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Normally, the game's map generator creates towns with arbitrary populations starting under 100 and going up to over 2000. I would like to tweak these min/max values to something like 100 and 500.

Is there a setting or a newGRF I'm missing that will allow me to do that?

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There is no specific way to achieve what you're asking without editing the source, however there are a few work-arounds which can get close to what you're after.

Firstly, in OpenTTD, some Towns are designated Cities. Cities start off with a higher population count and also grow faster compared to towns. You can disable the generation of Cities by changing the "Proportion of towns that will become cities" option in Advanced Settings to 0. Whilst there will still be some population variation between towns, the difference will be drastically reduced.

However, this will still leave a wide variation in population sizes between towns, with populations ranging from below 100 to above 1,000. Towns also come in 3 variants - small, medium and large. Whilst there is no way to influence the type of town generated when playing a new game, another work around exists using the scenario generator. Enter the scenario generator and have it generate terrain for you to your liking, just as you would have done when starting a new game. Once the terrain is generated, open the Town Generation tool. Select the size of town you wish to add to the map, Small, Medium or Large, and then click the Random Town button repeatedly until the desired number of towns has been generated. Save the scenario and return to the main menu. You can now use the Play Scenario option to play your new custom scenario.

  • I'm afraid that's not quite what I'm looking for. Even at 1 in 20 and size multiplier of 1, I still ended up with a range of 63-926. It's better, but I basically want to set up my own arbitrary values. – Pvt. Grichmann Feb 24 '14 at 20:06
  • Unfortunately, I don't think there's a way to achieve that in standard OpenTTD - you'd need to modify the source code responsible for town generation. One alternative could be to use the scenario editor, where you can set the size of the town created to be Small, Medium or Large. This won't give you a precise population number for each town, but will give you finer population control. A quick way to do it would be to go in to the editor, create a new random landscape and then in the Town Generation tool, select the size of town you want and repeatedly click the Random Town button. – KingJ Feb 25 '14 at 7:03
  • Then I suppose "it can't be done without messing with the source code" is the answer I'm looking for, with workarounds as an added bonus. – Pvt. Grichmann Feb 26 '14 at 12:08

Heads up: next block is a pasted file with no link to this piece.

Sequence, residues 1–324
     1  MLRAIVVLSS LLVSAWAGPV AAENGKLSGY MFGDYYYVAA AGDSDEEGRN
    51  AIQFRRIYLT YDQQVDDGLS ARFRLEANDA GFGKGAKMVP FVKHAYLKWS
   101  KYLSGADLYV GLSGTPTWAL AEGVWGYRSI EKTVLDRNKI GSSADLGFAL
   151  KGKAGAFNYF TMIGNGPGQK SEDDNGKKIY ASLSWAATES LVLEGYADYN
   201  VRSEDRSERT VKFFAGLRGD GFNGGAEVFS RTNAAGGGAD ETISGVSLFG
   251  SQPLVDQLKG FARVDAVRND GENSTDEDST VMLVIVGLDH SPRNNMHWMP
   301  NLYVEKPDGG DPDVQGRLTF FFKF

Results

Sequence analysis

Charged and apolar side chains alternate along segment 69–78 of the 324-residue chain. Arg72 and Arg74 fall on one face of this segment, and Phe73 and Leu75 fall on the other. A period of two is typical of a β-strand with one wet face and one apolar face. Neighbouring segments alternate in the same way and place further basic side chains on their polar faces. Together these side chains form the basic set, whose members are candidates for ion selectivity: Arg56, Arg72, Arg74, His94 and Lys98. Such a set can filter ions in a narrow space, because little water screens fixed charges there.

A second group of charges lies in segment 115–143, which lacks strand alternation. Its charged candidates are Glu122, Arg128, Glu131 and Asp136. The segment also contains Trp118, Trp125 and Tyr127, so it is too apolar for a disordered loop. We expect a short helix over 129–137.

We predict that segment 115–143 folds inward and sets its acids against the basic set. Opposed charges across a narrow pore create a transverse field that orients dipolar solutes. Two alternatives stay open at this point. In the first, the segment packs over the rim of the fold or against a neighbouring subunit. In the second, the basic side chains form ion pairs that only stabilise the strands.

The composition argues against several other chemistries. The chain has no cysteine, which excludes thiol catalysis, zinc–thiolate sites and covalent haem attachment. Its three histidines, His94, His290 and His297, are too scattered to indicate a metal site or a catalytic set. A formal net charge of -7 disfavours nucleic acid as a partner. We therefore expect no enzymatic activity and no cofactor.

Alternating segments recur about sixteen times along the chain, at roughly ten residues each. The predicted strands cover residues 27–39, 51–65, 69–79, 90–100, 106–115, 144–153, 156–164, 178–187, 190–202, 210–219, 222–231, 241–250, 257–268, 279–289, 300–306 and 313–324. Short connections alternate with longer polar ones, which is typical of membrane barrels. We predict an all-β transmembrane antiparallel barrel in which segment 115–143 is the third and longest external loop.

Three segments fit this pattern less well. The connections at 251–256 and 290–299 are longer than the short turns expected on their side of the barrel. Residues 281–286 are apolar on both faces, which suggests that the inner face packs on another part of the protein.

• I've now updated my answer above to reflect this. – KingJ Feb 27 '14 at 10:00
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You can also achieve this by using "game scripts". Check out the site at https://nogo.openttd.org/api/trunk/. By utilizing the GSTown class you should be able to generate towns in any way you want to a large degree of flexibility.

Say you want towns in the "desert" climate that are about 300-500 population. A typical house in this climate is 10 people or so. So you would like 30-50 buildings.

Note that the occupancy of buildings (as well as how much cargo is generated) will largely depend on the newGRFs you use. So if you have a 'target population' in mind you may have to experiment to find out what the average building occupancy is. There is a more exact way, but this requires time*.

First, generate a map that is devoid of towns and industry (using map generator custom options you can specify less towns). Then, write a game script that creates some random 'small' towns and a bunch of industries.

Finally, iterate over the towns, looking up their population. Add extra houses by using the "ExpandTown" function to expand each town by however many houses it's 'missing'.

*To generate your buildings more exactly, you want to build a few buildings, then wait 3 months (until they complete building) and then check the population of the town. Once it hits your randomly generated 'target population' you can stop building. There's a bunch of statistics that comes in to minimize the number of rounds you need to add/remove buildings until you hit the target or get 'close enough'. What you could do is e.g. exponential approximation: build half the extra amount you think you need, wait 3 months, then repeat. In 10 iterations (let the script run for 3 years before you start building) you'll be able to get very close.

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